Gaining Executive Sponsorship For OKR
If you’re excited about the potential of OKRs to provide value to your company but don’t possess the decision rights to approve an implementation, you’ll require the support of at least one member of your senior leadership team, preferably the CEO.
Here are a few tips we’ve seen organizations use to great effect in gaining executive traction for a change initiative:
◾Link OKRs to something the executive is passionate about: There is little doubt that any executive is more likely to lend active and vocal support to a program that resonates with their personal passions and values. Your job is to find that hook and explain how OKRs will transform it from rhetoric to reality within the organization. Perhaps your CEO is fixed on the virtues of speed to market. You can note the swift cadence of OKRs and how they’ll allow you to move quickly, provide feedback, and promote flexibility and agility in aid of accelerating the new product development cycle.
◾Provide OKRs education: Before providing our support for any new program we must first feel it possesses legitimate value and meaning. That meaning and value are derived from a comprehensive understanding of the subject matter. Senior managers will follow this same path from knowledge to meaning to value and commitment, and therefore the first step is providing basic education on OKRs: Definitions, examples, benefits, and most importantly, why they should be used at your organization right now.
◾Involve executives in the OKRs implementation: Most change experts would assert that we don’t think ourselves into acting differently, but in fact, we act ourselves into thinking differently. The upshot: You’re much more likely to support something that you’re actively involved in creating because you are physically acting out the change. Therefore, we strongly suggest you ensure senior executives are part of your OKRs implementation, and the task is not delegated to a lower level team. CareerBuilder, the largest online job website in the United States, provides a great example of a company committed to executive involvement. Its CIO, Roger Fugett, participated in all three days of recent OKR drafting workshops. He recognized that his presence was critical in order to align IT with the business. The attendance of the CIO made it obvious to workshop attendees that OKRs are to be taken seriously.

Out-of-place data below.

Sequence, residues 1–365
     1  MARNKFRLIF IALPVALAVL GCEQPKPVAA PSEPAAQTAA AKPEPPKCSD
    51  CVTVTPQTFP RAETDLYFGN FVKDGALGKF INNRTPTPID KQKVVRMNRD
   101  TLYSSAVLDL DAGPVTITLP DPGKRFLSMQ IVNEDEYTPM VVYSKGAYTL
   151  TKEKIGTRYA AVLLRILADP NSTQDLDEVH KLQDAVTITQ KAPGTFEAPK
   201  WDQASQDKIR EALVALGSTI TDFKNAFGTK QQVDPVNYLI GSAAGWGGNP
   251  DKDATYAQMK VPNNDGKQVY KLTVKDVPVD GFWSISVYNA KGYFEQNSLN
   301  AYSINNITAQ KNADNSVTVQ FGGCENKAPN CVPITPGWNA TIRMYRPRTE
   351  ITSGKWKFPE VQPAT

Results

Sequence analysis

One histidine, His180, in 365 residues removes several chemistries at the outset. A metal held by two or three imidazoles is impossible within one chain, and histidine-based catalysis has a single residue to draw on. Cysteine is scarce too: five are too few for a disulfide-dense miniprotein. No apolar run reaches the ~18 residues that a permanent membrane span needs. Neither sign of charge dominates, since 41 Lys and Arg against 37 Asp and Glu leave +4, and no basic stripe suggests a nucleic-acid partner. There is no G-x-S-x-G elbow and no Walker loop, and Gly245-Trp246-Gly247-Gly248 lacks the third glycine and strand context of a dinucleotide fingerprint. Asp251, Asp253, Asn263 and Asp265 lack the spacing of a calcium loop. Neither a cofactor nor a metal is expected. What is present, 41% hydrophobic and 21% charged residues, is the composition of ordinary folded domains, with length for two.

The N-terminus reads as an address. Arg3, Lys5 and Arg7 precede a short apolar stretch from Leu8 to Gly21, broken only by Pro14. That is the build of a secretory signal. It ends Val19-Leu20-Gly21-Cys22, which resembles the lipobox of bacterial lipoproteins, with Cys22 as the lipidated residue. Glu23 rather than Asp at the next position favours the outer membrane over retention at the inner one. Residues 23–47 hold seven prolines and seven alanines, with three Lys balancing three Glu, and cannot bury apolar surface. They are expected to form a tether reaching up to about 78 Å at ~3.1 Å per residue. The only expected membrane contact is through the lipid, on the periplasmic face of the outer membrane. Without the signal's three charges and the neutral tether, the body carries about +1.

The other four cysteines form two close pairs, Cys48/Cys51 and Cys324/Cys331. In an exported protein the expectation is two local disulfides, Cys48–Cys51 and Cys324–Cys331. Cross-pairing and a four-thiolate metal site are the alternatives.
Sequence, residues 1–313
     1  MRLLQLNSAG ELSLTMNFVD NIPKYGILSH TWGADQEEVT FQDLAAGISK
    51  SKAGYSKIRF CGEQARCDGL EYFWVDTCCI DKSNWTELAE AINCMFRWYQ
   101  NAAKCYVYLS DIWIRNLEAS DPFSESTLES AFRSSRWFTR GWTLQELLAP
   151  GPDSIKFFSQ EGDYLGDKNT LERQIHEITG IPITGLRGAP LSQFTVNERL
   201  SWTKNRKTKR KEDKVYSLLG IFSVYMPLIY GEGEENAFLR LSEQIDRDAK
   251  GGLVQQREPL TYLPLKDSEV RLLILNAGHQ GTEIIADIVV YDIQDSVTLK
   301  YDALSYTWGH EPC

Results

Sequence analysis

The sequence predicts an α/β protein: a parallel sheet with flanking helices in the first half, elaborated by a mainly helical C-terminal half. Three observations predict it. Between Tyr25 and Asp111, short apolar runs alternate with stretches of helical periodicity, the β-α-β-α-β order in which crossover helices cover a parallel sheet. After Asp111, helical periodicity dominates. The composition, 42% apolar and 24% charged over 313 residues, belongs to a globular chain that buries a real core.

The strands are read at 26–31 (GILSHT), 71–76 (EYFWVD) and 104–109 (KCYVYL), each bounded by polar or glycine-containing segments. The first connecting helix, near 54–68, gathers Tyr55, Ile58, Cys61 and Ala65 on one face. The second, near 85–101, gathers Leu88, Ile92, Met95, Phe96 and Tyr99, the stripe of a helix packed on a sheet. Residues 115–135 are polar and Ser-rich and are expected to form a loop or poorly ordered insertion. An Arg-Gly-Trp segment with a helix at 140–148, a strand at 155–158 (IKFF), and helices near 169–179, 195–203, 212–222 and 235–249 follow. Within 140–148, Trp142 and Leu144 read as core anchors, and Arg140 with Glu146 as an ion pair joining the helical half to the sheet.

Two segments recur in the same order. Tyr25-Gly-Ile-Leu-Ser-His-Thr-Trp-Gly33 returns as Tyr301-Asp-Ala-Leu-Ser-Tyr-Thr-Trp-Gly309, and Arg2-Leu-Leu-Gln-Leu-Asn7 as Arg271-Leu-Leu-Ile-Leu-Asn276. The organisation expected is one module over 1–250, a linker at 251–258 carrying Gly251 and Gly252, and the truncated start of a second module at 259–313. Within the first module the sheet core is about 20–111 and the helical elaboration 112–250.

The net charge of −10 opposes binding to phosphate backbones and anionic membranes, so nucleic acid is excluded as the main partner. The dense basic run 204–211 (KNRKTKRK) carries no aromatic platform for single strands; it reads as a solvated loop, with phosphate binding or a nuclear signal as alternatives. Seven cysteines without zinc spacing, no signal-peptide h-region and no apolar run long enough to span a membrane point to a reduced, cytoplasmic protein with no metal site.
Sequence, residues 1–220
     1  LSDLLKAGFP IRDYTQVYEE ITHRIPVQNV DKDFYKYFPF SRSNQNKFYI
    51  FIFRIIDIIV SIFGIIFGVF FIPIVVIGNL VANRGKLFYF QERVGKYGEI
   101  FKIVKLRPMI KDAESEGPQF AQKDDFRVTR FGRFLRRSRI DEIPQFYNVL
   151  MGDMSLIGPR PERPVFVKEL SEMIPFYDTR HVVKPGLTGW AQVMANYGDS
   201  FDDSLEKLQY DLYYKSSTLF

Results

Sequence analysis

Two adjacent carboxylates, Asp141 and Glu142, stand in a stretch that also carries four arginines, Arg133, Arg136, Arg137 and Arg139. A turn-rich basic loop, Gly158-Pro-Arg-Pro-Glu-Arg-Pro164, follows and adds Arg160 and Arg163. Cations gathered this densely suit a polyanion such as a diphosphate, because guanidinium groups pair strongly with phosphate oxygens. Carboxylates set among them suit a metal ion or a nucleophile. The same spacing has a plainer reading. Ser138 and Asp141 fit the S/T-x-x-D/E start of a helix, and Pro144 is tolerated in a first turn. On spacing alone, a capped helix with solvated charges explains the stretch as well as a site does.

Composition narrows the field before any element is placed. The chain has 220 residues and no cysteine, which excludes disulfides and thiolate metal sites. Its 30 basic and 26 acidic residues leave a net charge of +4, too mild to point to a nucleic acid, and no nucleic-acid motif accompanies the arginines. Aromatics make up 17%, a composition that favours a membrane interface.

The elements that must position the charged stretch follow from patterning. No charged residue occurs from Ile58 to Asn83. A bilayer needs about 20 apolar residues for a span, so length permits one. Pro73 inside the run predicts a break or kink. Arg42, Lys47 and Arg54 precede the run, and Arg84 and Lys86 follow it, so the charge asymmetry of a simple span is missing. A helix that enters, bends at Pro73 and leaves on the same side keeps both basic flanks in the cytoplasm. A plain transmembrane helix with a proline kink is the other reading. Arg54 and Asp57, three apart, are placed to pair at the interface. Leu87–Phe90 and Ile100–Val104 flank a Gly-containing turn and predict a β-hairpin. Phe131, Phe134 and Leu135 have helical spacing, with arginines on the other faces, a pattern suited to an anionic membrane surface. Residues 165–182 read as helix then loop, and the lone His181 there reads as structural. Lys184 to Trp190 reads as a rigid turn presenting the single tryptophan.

The colossal benefits of a truly engaged CEO were in evidence to us in a recent client engagement. The CEO was new to the organization, and although he had performed substantial due diligence before accepting the position, he was unsure what awaited him when he actually began inhabiting the CEO post. Sure enough, things were not quite what he’d hoped. As he confided to one of us, “The floorboards were a lot looser than I expected.” Because he had used OKRs with great success at his two previous companies, one of his first actions was to institute an OKRs program from top to bottom throughout the organization. He didn’t delegate, but sat in on all the corporate-level workshops and took precious time from his schedule to later review all lower-level goals. He shared articles on the topic, spoke about it at all-hands meetings, and even communicated it to outside audiences. Needless to say, everyone witnessed his passion for the implementation and fell in behind him very quickly. It’s still early in their work, but thanks to the focus provided by OKRs, results are already beginning to show improvement.